Marin, Orpo or Purra? Triathlon in elections in Finland
In the far north of Europe, a race for government power is on. The conservatives, the right-wing populists and the social democrats of Prime Minister Marin can all become the strongest force.
Shortly before joining NATO, Finland is electing a new parliament today. Three parties have a chance of becoming the strongest force in the EU’s northernmost country.
The conservative National Coalition Party of ex-finance minister and opposition leader Petteri Orpo is slightly favoured. In the most recent polls, however, it was only very slightly ahead of the right-wing populist party The Finns and Prime Minister Sanna Marin’s Social Democrats. In the last parliamentary election in 2019, the three parties were separated by less than one percentage point – at that time with the best outcome for the Social Democrats.
The polling stations are open today until 8:00 p.m. (local time/7:00 p.m. CEST). Immediately afterwards, a first election trend based on early votes is expected. There could still be a lot to do with these first numbers in the course of the evening. A preliminary final result should be available around midnight on Monday night.
Close race expected on election day
Marin has been Prime Minister of Finland since the end of 2019. The 37-year-old leads a five-party centre-left coalition and is valued by many Finns. Her opponents, on the other hand, accuse her government of having boosted government spending.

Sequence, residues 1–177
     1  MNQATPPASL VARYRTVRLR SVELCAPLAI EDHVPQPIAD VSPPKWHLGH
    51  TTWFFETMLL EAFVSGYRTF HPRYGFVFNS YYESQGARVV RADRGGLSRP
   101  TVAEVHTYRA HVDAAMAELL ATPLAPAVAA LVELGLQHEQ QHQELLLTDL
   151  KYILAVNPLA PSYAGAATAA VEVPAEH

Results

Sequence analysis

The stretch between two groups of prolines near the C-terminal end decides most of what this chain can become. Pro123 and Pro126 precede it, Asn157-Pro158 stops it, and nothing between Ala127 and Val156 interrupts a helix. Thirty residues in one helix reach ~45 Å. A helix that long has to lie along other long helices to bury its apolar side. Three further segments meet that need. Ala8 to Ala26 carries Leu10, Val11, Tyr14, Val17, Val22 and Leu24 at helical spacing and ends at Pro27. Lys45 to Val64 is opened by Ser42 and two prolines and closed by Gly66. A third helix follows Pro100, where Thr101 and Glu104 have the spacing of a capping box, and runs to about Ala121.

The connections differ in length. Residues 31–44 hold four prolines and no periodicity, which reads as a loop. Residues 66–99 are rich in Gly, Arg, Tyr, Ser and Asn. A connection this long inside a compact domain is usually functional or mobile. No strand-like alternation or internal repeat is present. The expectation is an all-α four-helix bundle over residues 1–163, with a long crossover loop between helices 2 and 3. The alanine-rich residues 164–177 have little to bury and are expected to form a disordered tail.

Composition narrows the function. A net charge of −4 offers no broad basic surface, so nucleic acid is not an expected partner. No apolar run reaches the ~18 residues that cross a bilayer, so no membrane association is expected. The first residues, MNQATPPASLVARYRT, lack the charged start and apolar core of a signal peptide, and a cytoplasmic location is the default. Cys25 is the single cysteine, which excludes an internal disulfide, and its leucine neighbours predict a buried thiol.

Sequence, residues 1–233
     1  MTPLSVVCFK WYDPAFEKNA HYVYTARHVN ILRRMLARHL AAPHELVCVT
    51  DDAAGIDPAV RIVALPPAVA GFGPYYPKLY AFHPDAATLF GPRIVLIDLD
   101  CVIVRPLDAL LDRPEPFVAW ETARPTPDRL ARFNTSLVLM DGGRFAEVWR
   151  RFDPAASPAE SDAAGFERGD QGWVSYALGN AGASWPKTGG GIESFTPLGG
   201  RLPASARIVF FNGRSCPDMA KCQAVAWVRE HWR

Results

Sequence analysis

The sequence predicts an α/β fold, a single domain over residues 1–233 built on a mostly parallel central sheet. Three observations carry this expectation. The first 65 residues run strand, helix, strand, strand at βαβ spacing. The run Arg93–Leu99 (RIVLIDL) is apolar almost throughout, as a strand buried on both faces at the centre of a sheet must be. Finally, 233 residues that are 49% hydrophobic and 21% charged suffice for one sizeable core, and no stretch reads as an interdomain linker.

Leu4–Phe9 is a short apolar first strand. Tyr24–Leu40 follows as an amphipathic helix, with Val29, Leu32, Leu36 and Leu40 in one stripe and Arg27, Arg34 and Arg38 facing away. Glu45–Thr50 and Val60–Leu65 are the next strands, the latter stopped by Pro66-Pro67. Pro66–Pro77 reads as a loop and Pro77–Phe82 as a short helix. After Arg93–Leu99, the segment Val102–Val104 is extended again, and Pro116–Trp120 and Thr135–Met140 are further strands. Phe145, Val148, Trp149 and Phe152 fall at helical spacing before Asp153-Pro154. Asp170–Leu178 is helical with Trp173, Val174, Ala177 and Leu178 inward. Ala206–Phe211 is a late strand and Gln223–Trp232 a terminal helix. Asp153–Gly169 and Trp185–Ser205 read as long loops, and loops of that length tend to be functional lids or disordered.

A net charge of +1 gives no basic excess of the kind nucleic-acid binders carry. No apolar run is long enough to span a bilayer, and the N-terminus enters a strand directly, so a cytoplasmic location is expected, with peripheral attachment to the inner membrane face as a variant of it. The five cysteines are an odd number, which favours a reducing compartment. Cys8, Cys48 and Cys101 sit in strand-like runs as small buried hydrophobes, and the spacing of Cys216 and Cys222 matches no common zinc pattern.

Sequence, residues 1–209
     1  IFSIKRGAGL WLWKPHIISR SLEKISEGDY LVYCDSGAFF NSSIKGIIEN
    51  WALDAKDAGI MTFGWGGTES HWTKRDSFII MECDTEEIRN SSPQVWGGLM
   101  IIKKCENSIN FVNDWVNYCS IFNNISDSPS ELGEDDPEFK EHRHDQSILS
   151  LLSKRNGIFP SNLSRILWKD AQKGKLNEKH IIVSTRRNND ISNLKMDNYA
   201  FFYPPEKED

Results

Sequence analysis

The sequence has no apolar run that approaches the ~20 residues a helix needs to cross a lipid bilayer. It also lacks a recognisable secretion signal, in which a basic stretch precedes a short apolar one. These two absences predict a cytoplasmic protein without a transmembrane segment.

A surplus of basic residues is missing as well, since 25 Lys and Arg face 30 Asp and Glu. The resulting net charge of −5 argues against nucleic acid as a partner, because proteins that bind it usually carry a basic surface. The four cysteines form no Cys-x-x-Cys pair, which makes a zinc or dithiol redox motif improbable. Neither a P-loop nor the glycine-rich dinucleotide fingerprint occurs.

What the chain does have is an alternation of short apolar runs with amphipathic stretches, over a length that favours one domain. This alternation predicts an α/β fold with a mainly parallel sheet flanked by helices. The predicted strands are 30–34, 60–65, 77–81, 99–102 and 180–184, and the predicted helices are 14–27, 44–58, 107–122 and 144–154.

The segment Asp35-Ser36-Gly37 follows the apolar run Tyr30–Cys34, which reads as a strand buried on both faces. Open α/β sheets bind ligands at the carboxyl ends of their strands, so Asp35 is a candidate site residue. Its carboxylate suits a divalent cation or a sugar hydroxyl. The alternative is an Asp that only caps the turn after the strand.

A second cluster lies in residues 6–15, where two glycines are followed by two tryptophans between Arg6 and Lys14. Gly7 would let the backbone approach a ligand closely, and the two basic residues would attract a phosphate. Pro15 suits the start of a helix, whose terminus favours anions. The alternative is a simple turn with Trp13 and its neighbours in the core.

Who will end up being the strongest party was completely open before the election Sunday: Orpo’s Conservatives received 19.8 percent of the votes in the last pre-election poll by the Finnish radio station Yle, the Finns Party around its leader Riikka Purra 19.5 percent percent and Marin’s Social Democrats to 18.7 percent.
The leader of the party with the most votes traditionally gets the first chance to form a new government in Finland. However, long and tough coalition negotiations are expected, since several parties have ruled out cooperation with the right-wing populists. For a majority, the winner of the election is likely to depend on one other of the large parties and at least one of the medium-sized and smaller parties.
Finland soon to be a NATO member
In May 2022, under the impression of the Russian war of aggression against Ukraine, Finland had applied for NATO membership together with Sweden. After the recent approval of Hungary and Turkey, all 30 NATO members have ratified the accession, which means that only formalities are still outstanding for Finnish membership. According to NATO information, Finland will officially become a member in the coming days.
However, joining NATO played no role in the election campaign. In general, there is a great deal of consensus in Finland on this point, which is why the parties were hardly able to gain any points over their opponents on the subject. Instead, the main focus was on domestic issues such as increased government spending.